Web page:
Similar to the theophanies that Moses and Elijah experienced long ago, so Jesus presents a theophanic revelation of himself by treading upon the waves of the sea tossed about with a violent wind. This theophany brings to mind an earlier epiphanic revelation when Jesus, who was being rocked while sleeping upon a cushion, was awakened from his slumber to calm the wind and waves with a rebuke aptly cast to demons (cf. Mark 4:39 & 1:25, ἐπιτιμάω, φιμόω). On that occasion Jesus’ divine action terrified Twelve who were already frightened by the wind, for they asked, “Who is this? Even the wind and the waves obey him!” (4:41). Now, when Jesus provides a clear answer to his disciples’ question about his identity in the theophanic act of passing by the Twelve in the boat as the strong winds howl and impair their rowing, instead of recognizing him when they see him, again they cry out in terror. Out of the wind and as he treads upon the wind-tossed waves of the sea Jesus speaks words tailor-made for a theophany: “Take heart! I am! Fear not!”

 Because the emphatic “I am” (ἐγώ εἰμι, 6:50) is ambiguous, it is conceivable that it may bear its normal sense, “It is I, Jesus.” Yet, because of his earlier mention of Jesus’ communication with God on the mountain (6:46) and that Jesus discloses himself to the Twelve in keeping with theophanic revelations of the Old Testament, it is likely that Jesus’ “I am” is an echo of the “I am who I am” of Exodus 3:14 refracted through the prophet Isaiah on whom Mark is meditating. For Jesus’ admonitions—“take courage” and “fear not”—which bracket “I am,” are regular elements of divine self-revelation (see Isaiah 41:4-6; 43:1-3, 10-13; 44:2-851:7-11). Suddenly the wind goes calm when Jesus climbs into the boat. Jesus’ actions astonish the Twelve (cf. 5:42). Because they fail to observe in Jesus’ actions as foreshadowed by dramatizations embedded within the Old Testament Scriptures, they do not have the framework or categories for comprehending Jesus’ presence within the boat in the middle of the sea and the wind’s sudden cessation.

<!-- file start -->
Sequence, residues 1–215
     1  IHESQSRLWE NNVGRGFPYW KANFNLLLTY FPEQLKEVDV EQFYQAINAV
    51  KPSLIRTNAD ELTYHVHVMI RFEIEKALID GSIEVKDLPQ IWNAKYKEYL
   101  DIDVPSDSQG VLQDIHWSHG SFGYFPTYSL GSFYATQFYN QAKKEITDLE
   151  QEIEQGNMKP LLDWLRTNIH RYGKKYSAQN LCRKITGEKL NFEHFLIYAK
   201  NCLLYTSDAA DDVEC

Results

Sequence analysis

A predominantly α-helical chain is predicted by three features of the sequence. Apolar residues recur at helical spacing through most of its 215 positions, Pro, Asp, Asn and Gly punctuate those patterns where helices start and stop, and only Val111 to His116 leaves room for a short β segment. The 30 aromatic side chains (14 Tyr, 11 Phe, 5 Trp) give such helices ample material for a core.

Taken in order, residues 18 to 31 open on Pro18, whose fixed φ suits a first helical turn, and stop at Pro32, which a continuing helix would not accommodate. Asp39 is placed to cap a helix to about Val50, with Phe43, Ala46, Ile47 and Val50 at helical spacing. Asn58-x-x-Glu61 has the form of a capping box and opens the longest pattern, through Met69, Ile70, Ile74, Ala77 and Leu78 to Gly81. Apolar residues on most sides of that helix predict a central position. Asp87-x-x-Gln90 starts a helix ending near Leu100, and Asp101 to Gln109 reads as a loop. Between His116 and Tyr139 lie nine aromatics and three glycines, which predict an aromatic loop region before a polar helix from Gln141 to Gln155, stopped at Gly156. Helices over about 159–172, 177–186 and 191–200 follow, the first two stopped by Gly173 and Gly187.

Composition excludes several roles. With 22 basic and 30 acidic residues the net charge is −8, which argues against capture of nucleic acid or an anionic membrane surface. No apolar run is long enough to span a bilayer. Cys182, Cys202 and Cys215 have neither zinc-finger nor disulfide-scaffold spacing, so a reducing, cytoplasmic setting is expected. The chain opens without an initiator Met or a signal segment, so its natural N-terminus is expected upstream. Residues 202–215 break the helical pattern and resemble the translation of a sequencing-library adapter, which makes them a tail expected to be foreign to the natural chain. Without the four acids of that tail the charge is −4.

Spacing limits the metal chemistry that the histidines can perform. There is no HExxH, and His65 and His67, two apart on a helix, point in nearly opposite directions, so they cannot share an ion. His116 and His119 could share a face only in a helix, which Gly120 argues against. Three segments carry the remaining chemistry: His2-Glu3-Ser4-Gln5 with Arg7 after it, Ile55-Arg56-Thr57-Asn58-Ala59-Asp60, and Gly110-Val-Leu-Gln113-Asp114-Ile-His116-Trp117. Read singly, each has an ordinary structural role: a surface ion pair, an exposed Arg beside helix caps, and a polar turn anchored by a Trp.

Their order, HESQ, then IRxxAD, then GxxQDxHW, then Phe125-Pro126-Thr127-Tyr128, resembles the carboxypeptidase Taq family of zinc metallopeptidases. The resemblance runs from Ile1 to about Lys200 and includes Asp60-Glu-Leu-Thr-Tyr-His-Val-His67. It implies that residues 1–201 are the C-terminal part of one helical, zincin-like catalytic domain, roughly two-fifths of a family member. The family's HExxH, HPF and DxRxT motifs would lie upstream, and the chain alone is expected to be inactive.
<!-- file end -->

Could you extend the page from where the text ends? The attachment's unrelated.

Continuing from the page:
Mark explains that the disciples  “were completely amazed, for they had not understood about the loaves; their hearts were hardened” (6:51-52). This explanation itself, more evocative and enigmatic than explicative, preserves for Mark’s readers in literary form the need to puzzle out the connection between Jesus’ miraculous feeding of the multitude and his trampling upon the wind-tossed waves of the sea. Mark’s linkage requires readers to recognize that Jesus’ miraculous actions function symbolically as much as his parables do. Thus, if the disciples had recognized that Jesus’ miraculous multiplication of the loaves in the wilderness revealed him as the Shepherd-King foreshadowed by Moses, by Joshua, by David and by Israel’s line of kings, they would have acknowledged Jesus as Yahweh-Shepherd when he was about to pass by them while walking upon the sea.